Should you be washing vegetables in vinegar before you eat them? Think about how many people have handled your produce before it arrives in your kitchen! And with all the stories in the news about contamination outbreaks, it's no wonder you're a little wary. But is vinegar the best method?
As it turns out, cleaning veggies with vinegar or cleaning fruit with vinegar might be a myth, as few reputable sources recommend this as an option. Instead, using plain water is all you need. In fact, because most pesticides are water soluble, they will come off easily with a plain water rinse, as University of Minnesota Extension notes.
Washing Your Fruits and Veggies
The Food and Drug Administration details the many ways that fresh produce could get dirty on its way from the field to your table. Animals, harmful substances in the soil or water, and unhygienic workers could all dirty the produce before it is even harvested. From there, it gets transported to the grocery store, where countless people handle it, and then from the store to your home.
However, there's no need to use soap or a special type of wash, according to the FDA. Instead, you can simply rub the produce gently with your hands under plain running water. If it's a firmer fruit or vegetable, you can use a vegetable brush. Afterward, use a clean cloth or paper towel to dry the produce, and then remove the outermost leaves of lettuce or cabbage.
According a study published in November 2017 in the Journal of Agriculture and Food Chemistry, the most effective home pesticide wash is simple baking soda when compared with plain tap water or even bleach. When faced with this info, a vinegar fruit wash just doesn't seem necessary.
Cleaning Veggies With Vinegar
This isn't to say that washing vegetables in vinegar is always wrong. In fact, Colorado State University recommends it for when you're cleaning leafy green vegetables, such as spinach or kale, which should be soaked in a water bath to loosen any dirt or other contaminants on them.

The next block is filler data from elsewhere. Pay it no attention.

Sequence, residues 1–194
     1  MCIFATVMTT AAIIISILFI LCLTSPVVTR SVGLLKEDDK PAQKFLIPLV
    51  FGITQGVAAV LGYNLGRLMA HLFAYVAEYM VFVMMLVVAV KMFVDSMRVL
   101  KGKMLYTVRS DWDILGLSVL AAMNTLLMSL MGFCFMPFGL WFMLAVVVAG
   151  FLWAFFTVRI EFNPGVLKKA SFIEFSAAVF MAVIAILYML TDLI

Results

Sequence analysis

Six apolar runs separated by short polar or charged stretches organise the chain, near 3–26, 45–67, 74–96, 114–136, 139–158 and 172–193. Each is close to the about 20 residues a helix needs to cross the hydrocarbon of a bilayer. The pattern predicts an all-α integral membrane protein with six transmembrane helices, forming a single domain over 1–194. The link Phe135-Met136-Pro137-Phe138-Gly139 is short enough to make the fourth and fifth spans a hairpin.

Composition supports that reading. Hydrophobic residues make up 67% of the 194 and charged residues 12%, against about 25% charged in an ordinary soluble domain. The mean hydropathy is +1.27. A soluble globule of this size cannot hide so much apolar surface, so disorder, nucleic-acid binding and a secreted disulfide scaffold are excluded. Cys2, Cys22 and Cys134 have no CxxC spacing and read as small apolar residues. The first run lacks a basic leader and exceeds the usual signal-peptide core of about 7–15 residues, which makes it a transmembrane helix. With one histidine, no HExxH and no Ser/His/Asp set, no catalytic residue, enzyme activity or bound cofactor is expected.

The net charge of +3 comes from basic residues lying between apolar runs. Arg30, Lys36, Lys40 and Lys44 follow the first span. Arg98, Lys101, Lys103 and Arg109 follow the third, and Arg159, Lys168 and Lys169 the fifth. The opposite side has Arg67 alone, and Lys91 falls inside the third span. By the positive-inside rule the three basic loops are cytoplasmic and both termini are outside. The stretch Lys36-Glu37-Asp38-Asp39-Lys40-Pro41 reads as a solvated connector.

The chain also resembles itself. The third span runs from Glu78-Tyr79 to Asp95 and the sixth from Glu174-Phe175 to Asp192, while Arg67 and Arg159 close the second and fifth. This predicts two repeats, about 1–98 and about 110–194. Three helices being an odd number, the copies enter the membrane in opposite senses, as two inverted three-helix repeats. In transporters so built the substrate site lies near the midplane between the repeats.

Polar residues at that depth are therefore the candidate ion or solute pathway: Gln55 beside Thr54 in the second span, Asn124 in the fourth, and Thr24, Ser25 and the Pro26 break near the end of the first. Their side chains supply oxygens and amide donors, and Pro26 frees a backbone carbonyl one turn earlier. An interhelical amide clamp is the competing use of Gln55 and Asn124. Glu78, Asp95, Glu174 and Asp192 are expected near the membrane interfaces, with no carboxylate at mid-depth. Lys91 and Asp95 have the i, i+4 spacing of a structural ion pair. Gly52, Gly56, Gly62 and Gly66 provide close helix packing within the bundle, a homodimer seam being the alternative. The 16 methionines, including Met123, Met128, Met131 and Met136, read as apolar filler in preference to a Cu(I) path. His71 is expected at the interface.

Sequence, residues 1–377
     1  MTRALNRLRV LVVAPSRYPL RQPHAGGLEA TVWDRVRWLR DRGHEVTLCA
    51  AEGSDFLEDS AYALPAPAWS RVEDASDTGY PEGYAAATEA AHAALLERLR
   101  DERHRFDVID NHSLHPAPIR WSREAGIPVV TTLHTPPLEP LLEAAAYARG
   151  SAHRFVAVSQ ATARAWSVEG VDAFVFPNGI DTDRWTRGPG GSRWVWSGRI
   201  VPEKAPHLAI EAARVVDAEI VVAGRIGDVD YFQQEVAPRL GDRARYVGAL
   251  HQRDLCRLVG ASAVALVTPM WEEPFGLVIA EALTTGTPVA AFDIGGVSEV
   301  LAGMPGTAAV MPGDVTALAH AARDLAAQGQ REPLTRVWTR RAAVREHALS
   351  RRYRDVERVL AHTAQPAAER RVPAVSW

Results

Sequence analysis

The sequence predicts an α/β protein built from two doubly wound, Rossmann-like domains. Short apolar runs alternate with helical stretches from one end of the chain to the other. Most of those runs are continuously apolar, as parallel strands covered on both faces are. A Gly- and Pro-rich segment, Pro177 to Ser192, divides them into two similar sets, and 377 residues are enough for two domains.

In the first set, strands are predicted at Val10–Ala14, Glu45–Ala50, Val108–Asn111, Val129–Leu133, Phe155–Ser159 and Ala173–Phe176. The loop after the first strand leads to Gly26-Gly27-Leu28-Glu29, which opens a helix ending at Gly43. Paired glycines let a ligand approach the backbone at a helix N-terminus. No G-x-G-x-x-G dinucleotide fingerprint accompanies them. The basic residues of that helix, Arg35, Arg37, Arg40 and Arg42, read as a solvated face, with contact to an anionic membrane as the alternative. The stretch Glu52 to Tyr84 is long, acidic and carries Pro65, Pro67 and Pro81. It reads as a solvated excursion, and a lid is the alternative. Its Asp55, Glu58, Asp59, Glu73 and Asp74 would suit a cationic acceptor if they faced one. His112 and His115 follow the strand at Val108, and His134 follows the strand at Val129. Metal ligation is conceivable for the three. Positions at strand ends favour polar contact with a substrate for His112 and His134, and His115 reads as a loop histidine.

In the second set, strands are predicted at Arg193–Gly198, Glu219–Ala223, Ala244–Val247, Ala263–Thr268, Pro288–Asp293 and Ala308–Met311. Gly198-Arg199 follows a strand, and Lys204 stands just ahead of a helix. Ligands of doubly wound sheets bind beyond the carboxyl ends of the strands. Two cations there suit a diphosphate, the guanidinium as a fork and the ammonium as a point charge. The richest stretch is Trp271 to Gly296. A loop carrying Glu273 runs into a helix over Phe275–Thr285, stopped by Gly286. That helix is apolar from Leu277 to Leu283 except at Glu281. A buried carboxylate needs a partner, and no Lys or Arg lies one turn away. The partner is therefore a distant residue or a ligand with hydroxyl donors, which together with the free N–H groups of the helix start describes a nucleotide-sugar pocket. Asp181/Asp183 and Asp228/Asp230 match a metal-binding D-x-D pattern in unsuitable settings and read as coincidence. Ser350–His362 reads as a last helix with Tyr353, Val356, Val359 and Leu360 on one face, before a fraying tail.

Adding a half-cup of white vinegar per 1 cup of water, followed by a clean water rinse, will reduce bacteria. Those who try this method should note; however, that it could affect the way the greens taste.
Washing vegetables in vinegar or baking soda might present similar problems. University of Minnesota Extension explains that because baking soda has sodium, it will affect the flavor of fruits and vegetables as well. Neither of these are notably harmful, but the bigger concern is chlorine bleach, which is toxic if used in amounts that are too large.
If you still feel better using some type of cleaning agent, but you don't like the taste that vinegar gives your produce, switch from cleaning veggies with vinegar to cleaning veggies with lemon juice. If you mix a half-cup of lemon juice per two cups of water for two minutes and rinse for 15 seconds afterward, this should help remove many contaminants.
Even though the need for cleaning vegetables with vinegar or cleaning fruit with vinegar is a myth, that doesn't mean there aren't steps you can't take to reduce contamination and prevent illness.
Use plain running water to provide the cleaning power you need, and if you need a little boost, try a soak made from baking soda or lemon juice. This will help you enjoy your fruits and veggies while avoiding the risk of sickness.
- Journal of Agriculture and Food Chemistry: “Effectiveness of Commercial and Homemade Washing Agents in Removing Pesticide Residues on and in Apples”
- Colorado State University: “Guide to Washing Fresh Produce”
- Food and Drug Administration: “7 Tips for Cleaning Fruits, Vegetables”
- University of Minnesota: “Handling Fresh Fruits and Vegetables Safely”
- University of Florida: “Keep It Clean: Washing Fruits and Vegetables”